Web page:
September 25, 2015/ 8:00 PM - 11:00 PMThe Continuing Allure of Hayao Miyazaki
If you have been thrilled by the images and touched by the
heart-warming stories of Hayao Miyazaki’s feature-length
animated works, you may count yourself among the vast
numbers of fans of this revered filmmaker. Yet
Miyazaki’s legions of fans include not only his viewing
audience, but also many manga and animation
professionals, both in Japan and around the world.
Miyazaki is also one of the founders of Japan’s famous
Studio Ghibli, where, along with his fellow director, Isao
Takahata, and long-term producer, Toshio Suzuki, he has
created one hit after another. To the shock of fans, in
2013, Miyazaki announced his retirement, creating many
questions about the future of not only Studio Ghibli, but of
Japan’s entire feature-length animation industry.
Less known outside of Japan is the fact that Miyazaki is
also a prolific writer, speaker, and controversial intellectual, who boasts two giant volumes of
interviews and essays. Translated into English as Starting Point: 1979-1996, and Turning
Point: 1997-2008, these books total over 900 pages of text, and are both published by Viz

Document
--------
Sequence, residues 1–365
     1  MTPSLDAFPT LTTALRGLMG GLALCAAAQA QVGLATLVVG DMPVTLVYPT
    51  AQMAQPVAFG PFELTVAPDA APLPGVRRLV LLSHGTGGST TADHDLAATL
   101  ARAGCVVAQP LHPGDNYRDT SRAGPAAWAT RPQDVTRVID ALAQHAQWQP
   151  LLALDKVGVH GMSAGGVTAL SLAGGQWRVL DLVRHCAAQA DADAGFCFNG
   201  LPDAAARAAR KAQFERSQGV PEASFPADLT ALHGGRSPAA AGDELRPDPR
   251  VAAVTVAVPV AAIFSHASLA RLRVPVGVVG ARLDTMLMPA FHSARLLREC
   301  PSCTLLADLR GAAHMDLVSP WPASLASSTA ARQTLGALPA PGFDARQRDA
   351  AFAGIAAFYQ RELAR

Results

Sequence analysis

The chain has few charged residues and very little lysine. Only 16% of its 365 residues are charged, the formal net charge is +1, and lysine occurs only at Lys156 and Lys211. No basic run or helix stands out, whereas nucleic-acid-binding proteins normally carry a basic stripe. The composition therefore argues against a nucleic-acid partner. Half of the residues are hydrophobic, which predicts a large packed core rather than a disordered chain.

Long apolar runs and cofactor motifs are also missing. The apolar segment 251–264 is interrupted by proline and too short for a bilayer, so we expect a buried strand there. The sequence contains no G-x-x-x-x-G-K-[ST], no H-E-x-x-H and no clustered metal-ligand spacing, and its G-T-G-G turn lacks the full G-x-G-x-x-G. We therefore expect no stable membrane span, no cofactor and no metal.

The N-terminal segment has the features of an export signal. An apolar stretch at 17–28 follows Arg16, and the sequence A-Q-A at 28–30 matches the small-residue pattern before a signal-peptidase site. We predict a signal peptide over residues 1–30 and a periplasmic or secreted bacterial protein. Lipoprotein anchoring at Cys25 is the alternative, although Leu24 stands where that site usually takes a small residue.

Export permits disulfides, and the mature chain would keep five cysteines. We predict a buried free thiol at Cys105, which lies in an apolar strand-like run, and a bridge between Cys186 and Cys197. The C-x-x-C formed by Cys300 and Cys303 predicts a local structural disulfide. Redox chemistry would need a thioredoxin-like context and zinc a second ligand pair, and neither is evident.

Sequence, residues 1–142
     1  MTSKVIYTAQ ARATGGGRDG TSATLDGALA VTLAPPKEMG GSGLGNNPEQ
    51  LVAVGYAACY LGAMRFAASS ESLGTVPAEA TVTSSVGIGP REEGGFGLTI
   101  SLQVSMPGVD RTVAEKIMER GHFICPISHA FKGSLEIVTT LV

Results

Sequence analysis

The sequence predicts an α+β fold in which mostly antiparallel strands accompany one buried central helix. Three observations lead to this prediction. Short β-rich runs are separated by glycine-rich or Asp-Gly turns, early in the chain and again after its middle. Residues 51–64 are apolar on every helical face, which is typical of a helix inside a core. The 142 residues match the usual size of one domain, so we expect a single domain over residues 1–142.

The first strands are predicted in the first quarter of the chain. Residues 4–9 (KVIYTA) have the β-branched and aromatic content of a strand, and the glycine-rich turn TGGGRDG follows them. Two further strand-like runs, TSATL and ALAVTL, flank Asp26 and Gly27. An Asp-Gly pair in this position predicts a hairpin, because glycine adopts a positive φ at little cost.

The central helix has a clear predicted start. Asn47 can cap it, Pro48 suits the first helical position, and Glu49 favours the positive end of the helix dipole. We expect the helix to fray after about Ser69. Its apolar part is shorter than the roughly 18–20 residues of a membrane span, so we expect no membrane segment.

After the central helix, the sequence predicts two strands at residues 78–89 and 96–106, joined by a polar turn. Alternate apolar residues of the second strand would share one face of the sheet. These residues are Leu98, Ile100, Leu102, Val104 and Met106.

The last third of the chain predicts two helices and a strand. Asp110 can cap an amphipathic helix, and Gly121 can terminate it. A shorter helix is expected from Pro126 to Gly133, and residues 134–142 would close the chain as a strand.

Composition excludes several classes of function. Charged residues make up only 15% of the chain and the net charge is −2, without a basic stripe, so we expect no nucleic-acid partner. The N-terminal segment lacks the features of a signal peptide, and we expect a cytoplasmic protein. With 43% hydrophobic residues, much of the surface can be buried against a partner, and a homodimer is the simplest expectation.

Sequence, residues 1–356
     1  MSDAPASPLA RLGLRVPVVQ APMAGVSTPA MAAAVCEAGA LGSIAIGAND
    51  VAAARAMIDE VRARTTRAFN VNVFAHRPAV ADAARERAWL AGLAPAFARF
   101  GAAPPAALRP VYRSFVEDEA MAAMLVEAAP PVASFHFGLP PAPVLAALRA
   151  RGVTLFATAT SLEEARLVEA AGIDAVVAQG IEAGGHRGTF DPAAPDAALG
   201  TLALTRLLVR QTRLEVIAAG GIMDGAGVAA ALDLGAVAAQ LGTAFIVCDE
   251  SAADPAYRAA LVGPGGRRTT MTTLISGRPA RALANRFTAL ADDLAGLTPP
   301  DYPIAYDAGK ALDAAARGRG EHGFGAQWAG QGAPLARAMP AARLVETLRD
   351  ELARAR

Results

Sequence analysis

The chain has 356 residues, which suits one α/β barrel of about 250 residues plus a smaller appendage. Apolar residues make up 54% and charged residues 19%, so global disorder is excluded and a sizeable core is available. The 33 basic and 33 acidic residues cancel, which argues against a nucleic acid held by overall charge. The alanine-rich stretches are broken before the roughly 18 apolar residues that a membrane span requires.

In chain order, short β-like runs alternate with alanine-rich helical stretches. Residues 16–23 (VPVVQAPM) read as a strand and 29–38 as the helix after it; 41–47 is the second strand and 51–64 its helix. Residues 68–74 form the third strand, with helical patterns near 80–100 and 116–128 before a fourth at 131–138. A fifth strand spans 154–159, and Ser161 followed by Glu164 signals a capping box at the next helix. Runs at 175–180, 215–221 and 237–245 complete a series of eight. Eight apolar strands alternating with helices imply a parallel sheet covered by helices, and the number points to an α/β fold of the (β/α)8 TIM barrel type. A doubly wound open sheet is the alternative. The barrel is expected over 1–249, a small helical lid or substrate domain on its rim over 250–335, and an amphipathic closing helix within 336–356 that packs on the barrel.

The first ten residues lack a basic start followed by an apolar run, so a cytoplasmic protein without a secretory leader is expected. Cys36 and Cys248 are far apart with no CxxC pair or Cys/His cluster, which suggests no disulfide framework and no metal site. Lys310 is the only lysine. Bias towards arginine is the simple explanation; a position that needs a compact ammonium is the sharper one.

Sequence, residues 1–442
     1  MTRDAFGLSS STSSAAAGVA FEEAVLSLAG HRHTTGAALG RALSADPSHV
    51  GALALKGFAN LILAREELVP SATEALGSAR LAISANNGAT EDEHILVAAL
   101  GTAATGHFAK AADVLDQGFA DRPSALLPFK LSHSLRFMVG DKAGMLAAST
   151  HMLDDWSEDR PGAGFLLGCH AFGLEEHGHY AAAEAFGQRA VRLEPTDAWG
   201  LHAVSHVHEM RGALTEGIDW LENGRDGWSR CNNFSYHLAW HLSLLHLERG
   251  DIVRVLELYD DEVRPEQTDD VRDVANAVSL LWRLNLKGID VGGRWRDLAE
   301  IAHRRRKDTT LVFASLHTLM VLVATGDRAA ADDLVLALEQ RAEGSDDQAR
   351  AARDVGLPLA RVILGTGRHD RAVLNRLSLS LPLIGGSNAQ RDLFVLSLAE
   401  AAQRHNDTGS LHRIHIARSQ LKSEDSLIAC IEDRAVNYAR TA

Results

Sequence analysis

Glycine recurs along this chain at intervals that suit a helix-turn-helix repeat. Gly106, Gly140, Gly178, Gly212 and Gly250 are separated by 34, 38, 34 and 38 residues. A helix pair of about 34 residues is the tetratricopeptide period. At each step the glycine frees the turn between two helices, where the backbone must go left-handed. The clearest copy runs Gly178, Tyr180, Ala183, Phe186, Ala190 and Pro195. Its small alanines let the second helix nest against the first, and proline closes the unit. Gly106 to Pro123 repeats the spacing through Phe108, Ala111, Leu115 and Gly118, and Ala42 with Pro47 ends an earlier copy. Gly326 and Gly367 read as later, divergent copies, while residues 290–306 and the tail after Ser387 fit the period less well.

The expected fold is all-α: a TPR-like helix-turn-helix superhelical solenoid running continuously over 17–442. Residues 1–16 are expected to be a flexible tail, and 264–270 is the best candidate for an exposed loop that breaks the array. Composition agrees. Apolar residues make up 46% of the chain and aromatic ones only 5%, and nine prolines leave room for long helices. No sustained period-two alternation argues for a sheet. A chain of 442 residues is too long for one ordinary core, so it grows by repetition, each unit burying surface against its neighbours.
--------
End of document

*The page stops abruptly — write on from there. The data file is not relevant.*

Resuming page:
Media in San Francisco. In an illustrated talk, Beth Cary and Frederik Schodt, the
translators of the works, will explore the reasons for the appeal of Miyazaki and his films, in
both Japan and the United States, and examine the role of Studio Ghibli, which is enjoying its
30th anniversary this year.
Bio of Panelists
Beth Cary has interpreted for many Japanese artists, including Hayao Miyazaki, Isao Takahata, and Toshio
Suzuki at their presentations in the Bay Area and beyond. As a translator she has translated Japanese fiction
and nonfiction works, ranging from the social sciences to literary reflections. Recently she has translated
several award-winning mystery stories for the Ellery Queen Mystery Magazine.
Frederik L. Schodt’s writings on manga, and his translations of them, helped trigger the current popularity
of Japanese comics in the English-speaking world. In 2009, the Japanese Government presented him with the
Order of the Rising Sun, Gold Rays with Rosette for his work in helping to promote Japan’s popular culture
in the United States. He has written widely on Japanese history, popular culture, and technology.